Jeffrey Bernstein -- Barclays -- Analyst

Thank you.

Operator

The next question will come from Andrew Charles of Cowen.

Andrew Charles -- Cowen and Company -- Analyst

Great. Thanks. Charlie, obviously coming into 2020 you weren't budgeting same-store sales of this magnitude that's produced a robust surplus you had from budget. What do you and the franchise council view as the best use of this surplus? Is it perhaps a third flight of TV advertising in 2020? Is it another free delivery campaign? Do you think about spending that surplus in 2020 or perhaps holding onto it in 2021 when you're lapping the tough compares? Would love your insights on how you're thinking about this.

Charles R. Morrison -- Chairman and Chief Executive Officer

Good morning, Andrew. Great question. Thank you. We have talked about this to an extent and we are, as you mentioned, generating cash that goes into our ad fund. The company, ultimately, will make the decision as to where we go, but in advisement with our counsel. We do talk about what's best for the brand. And we don't know what next year is going to look like compared to where we are now. So, it would make sense to be wise about how we allocate our dollars between now and into the future. But right now, we've made no specific decisions. So our end of year, rest of the year calendar lines up exactly as we originally intended it to be. As you mentioned, we certainly could use some of that surplus for another free delivery message if we felt it was necessary. As of right now, we don't have any plans to do that either, just given the momentum that we've been able to demonstrate here. So more to come on that. We might speak a little bit more about that after the next quarter or into Q4.

Andrew Charles -- Cowen and Company -- Analyst

Got you. And that's helpful. And just following up on one of the questions earlier just around the amount of competition. This isn't the first national QSR, first national competitor that's obviously launched wings in recent memory. Do you -- from past wing launch from competitors and the advertising behind that, have you seen incidence of you think that, that raises awareness of the category and that served as a tailwind for you guys?

Charles R. Morrison -- Chairman and Chief Executive Officer

Yeah, it's -- certainly glad you brought that thought out. It has historically been beneficial to us. Historically, meaning, three, four, five years ago or more, at least during my tenure that, when we saw, for instance, a pizza company promote wings with their large advertising budget, it does bring attention to the category. It has been beneficial to Wingstop. It certainly is not what is fueling any of our current growth. We don't think that's having a meaningful impact and it never had a major impact, but it can help as -- versus heard. So we're not worried about it. We're going to continue to play our playbook the way we've designed it and have been managing against it over a number of years now, and continue to focus on unit development as our means to continue to expand this brand into a top-10 status and truly maintain our position as a category by itself.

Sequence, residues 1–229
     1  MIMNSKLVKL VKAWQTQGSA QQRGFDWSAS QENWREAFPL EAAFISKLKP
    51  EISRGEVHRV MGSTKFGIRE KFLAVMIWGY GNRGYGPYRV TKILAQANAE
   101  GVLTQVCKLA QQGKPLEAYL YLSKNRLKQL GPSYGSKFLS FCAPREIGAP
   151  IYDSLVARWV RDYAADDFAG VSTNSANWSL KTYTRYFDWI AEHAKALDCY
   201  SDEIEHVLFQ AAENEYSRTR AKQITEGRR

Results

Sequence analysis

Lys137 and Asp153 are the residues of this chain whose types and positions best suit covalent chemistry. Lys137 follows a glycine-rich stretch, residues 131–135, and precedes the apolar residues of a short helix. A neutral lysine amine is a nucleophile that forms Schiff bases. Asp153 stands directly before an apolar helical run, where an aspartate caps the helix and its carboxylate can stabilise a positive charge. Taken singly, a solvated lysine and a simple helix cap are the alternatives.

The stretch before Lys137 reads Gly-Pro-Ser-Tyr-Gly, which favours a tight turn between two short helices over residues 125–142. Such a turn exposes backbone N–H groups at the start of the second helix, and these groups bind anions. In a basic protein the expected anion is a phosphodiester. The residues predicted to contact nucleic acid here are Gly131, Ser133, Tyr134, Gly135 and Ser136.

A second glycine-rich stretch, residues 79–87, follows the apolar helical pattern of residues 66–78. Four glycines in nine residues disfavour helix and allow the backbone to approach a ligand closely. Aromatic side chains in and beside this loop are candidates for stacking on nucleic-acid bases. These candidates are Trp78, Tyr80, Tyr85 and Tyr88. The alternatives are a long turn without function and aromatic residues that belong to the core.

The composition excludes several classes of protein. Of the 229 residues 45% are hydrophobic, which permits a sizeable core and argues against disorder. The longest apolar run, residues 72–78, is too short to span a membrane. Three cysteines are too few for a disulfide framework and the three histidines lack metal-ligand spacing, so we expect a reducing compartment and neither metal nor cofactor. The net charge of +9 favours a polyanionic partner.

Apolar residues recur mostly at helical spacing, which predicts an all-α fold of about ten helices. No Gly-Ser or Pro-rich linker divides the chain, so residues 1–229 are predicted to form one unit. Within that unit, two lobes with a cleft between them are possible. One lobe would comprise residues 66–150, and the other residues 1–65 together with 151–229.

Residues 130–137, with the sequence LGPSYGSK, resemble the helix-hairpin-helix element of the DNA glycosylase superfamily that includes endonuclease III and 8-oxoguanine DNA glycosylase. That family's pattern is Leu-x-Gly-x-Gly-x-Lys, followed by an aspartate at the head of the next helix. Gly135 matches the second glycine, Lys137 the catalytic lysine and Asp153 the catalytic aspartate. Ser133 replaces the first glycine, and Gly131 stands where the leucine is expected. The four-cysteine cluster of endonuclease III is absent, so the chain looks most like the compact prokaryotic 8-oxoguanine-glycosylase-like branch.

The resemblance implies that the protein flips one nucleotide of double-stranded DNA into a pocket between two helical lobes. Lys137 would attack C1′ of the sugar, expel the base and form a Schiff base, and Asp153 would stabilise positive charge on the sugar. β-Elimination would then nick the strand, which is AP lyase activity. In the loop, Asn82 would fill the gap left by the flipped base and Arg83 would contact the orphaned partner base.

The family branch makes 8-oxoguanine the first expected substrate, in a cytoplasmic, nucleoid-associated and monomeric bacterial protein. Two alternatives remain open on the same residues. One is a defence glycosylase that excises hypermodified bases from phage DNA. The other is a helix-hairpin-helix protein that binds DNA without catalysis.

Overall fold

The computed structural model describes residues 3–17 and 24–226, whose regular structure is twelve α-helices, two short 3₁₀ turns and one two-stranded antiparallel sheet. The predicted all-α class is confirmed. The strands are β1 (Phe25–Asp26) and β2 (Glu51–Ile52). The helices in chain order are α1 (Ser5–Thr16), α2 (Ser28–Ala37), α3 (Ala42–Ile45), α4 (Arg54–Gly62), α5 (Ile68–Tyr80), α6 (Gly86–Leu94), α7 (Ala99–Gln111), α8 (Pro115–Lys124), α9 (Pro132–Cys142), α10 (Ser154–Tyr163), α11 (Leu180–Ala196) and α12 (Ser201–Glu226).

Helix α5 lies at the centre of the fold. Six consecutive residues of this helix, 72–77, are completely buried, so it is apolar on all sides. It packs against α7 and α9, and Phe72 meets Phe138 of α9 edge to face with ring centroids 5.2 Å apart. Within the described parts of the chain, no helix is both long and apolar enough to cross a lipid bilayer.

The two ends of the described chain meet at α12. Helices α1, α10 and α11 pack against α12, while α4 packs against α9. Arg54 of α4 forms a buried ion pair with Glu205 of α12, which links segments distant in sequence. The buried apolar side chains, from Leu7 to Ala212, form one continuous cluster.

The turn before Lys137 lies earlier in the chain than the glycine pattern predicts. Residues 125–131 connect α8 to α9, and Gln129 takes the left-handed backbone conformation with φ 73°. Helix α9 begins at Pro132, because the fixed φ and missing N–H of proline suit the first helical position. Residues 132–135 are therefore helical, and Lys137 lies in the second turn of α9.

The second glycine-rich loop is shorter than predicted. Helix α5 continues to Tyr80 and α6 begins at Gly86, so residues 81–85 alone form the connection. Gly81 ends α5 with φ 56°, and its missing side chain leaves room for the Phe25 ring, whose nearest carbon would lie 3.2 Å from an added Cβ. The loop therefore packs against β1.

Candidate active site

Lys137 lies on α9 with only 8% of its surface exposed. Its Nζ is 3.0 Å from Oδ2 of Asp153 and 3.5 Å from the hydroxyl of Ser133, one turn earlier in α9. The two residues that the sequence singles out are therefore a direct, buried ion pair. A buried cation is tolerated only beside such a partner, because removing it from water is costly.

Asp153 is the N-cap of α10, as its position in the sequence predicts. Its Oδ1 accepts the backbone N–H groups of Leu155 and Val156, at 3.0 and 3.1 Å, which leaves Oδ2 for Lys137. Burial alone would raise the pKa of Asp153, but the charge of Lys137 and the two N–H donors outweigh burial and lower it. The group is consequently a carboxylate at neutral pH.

Andrew Charles -- Cowen and Company -- Analyst

That's helpful. Thanks, Charlie.

Operator

The next question comes from Andy Barish of Jefferies.

Andy Barish -- Jefferies -- Analyst

Hey, good morning guys. Just update on your thoughts on dining rooms reopening, where are you, given the results, it doesn't seem like you really need them. But are there any kind of labor model advantages in your box to not opening dine-in at this point?

Charles R. Morrison -- Chairman and Chief Executive Officer

Good morning, Andy. We have not made a decision as to when we would open the dining rooms. I think our focus will remain on our -- we've stated this term before our FILO strategy. We're the first to close and the last to open, because we do feel like it's in the best interest of our guests, as well as our team members from a safety perspective to make sure that there is as little interaction as possible. And so we have been able to perform quite well. It's doesn't present a labor opportunity or problem one way or the other, quite frankly. It's probably a watch either way, more importantly, it's about safety and taking care of our guests. So at this point, no current plans to reopen the dining rooms.

Andy Barish -- Jefferies -- Analyst

And just a quick follow-up. Can you give us any more concrete numbers on sort of new store opening volumes as we move through the first half? Obviously, there has been a lot of changes, but kind of what you're seeing and sort of what percentage of openings are in fortress markets.

Charles R. Morrison -- Chairman and Chief Executive Officer

Yeah, the volumes on new stores continue to be quite strong and of course they benefit from this tailwind effect we've had since the pandemic began. So that's a little difficult than what -- where we were just prior to that, but are continuing to strengthen. Again, most of our development pipeline exists in those fortress markets, as much as 75% of it. And so that means that, yes, most of these restaurants are opening in those markets and we're maintaining a pretty strict discipline toward that so that it's much more efficient and effective for the brand long term. And I would expect that as our momentum carries into Q3 and Q4, that would remain the same.

Andy Barish -- Jefferies -- Analyst

Thank you very much.

Operator

The next question comes from Nicole Miller of Piper Sandler.

Nicole Miller -- Piper Sandler -- Analyst

Thank you. Good morning. I wanted to ask about the units that have actually gotten open. If you think about all of the complexities in the current environment, frankly opening 23 stores is pretty amazing. So I guess the question would be just because you have positive comps doesn't mean you didn't have the hurdles that others are having. Could you talk a little bit about the creativity and the hustle that your teams have executed to get those stores open?

Charles R. Morrison -- Chairman and Chief Executive Officer